The discrepancy didn’t change even after Airbnb updated its discrimination guidelines.
The disability gaps in preapprovals for travelers with cerebral palsy or spinal cord injury appear to be smaller, but not eliminated among listings advertised as “wheelchair accessible,” although the power of the comparisons is limited by the small number of hosts in this group.Traveling with a disability is a hardship that many of us never face, but for those that do, the process can require far more planning and struggle. While many hotels both domestic and abroad, are held to standards that ensure facilities and access for the disabled, the rise of Airbnb short-term rentals complicates matters for disabled guests looking to book on such platforms.
Private residences aren’t subject to the same design standards with disabled guests in mind, so when booking, many such users will reach out with questions that pertain to their needs in the accommodations.
When disabled guests ask these questions prior to booking, a newly released Rutgers University study finds that they are significantly less likely to be pre-approved by the hosts to stay in their homes. The study of 3,800 booking requests reveals that likelihood of pre-approval varies significantly with the disability being shared.
From The New York Times:
Hosts granted preapproval to 75 percent of travelers who made no mention of a disability, according to the study. That rate fell to 61 percent for those who said they had dwarfism, 50 percent for those with blindness, 43 percent for those with cerebral palsy, and just 25 percent for those with spinal cord injuries.
While those differences initially appear staggering, the discrepancies are somewhat overrepresented in instances when the host responds with follow-up questions, before eventually granting approval or a later preapproval. It’s also likely that some of the rejections may be due to the fact that the host’s offering cannot accommodate a person due to its situation, design, or layout.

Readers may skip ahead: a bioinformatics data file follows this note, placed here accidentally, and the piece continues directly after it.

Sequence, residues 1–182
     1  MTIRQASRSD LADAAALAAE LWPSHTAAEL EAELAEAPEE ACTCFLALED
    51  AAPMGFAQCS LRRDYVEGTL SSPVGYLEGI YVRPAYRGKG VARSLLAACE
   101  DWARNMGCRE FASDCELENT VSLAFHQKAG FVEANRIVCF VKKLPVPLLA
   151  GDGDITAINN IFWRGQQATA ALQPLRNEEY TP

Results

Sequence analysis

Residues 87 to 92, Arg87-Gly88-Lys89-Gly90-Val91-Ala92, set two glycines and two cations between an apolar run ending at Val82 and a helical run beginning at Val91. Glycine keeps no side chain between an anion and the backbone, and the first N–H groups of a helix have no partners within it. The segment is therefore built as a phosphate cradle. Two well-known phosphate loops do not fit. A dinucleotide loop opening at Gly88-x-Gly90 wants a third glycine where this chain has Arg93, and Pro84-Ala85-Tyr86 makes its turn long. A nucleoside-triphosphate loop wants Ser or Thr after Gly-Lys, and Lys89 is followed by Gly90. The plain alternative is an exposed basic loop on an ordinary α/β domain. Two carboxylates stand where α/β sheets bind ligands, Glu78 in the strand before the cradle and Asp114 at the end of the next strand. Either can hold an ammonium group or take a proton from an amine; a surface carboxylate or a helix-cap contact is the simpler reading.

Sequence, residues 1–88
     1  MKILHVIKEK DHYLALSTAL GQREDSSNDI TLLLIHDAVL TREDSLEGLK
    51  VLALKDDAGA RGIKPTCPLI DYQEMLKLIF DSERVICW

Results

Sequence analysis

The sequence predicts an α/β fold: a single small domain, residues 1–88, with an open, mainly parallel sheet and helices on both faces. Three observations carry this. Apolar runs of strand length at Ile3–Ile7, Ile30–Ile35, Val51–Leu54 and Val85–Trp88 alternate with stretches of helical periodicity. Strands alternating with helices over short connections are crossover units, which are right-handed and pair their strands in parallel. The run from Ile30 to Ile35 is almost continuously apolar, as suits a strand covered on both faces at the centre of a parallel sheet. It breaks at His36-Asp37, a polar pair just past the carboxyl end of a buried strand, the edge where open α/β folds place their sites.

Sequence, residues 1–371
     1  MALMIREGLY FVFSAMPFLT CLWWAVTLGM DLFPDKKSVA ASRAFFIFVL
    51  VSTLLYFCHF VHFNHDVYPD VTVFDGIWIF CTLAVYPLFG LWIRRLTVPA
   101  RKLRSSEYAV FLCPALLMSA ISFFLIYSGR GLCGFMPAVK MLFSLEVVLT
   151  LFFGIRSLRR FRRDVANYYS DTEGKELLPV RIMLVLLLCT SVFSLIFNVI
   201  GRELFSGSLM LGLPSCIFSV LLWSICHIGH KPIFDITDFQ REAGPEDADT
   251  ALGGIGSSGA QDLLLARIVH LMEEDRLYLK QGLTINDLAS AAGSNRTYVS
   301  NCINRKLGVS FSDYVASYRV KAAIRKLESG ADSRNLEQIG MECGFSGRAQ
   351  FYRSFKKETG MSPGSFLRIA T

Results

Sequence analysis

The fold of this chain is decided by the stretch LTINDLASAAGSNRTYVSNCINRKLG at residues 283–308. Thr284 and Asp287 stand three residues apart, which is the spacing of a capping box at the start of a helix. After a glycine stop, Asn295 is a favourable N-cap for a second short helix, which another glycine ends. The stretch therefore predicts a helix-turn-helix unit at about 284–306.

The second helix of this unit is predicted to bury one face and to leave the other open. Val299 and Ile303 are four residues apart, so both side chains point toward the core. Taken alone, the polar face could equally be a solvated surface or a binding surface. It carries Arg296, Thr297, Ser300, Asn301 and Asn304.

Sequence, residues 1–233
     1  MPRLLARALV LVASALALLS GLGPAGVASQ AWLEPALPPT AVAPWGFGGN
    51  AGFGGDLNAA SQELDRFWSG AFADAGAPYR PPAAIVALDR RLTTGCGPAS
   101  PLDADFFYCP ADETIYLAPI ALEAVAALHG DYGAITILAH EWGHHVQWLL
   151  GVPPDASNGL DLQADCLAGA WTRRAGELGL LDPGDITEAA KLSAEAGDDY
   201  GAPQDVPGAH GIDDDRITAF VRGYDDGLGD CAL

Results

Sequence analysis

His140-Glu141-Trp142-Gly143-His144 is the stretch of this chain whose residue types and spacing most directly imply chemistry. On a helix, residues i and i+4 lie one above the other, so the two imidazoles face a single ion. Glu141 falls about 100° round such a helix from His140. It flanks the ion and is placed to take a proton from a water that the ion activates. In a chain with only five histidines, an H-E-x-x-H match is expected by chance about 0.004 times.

The latter possibility has been acknowledged by those questioning the study’s methodology.
Nonetheless, even listings featuring wheelchair accessibility were more likely to turn away disabled candidates, albeit at a smaller rate than those that didn’t. The study states:
The disability gaps in preapprovals for travelers with cerebral palsy or spinal cord injury appear to be smaller, but not eliminated, among listings advertised as ‘wheelchair accessible,’ although the power of the comparisons is limited by the small number of hosts in this group.
A number of issues and questions arise from these findings. The most obvious of which are the individual instances of discrimination that may be represented in these aggregate findings. But of equal importance is the outsourcing or standards, practices, and judgment made by unlicensed individuals, not only platforms like Airbnb, but on ridesharing apps like Uber and Lyft as well.
The decentralization of policy on these platforms, despite corporate-issued guidelines for the hosts, threatens to circumvent or undo much of the work that’s been done by activists for the disabled over decades.
Mason Ameri, one of the study’s authors, warns, “If we’re entering an era where these new types of hotels, which are essentially private homes, can’t offer accommodations, it defeats and undoes all of the progress we’ve made with the ADA (Americans with Disabilities Act) as far as equal access is concerned.”
The study also revealed that Airbnb’s policy regarding discrimination, which was revised in September during the six-month study duration, had no significant effect on rates of rejection for disabled guests. Given that the study reveals Airbnb’s guidelines have had little impact, many disabled travelers are turning to more specific sites such as Accomable, which offers accessible listings in a similar fashion.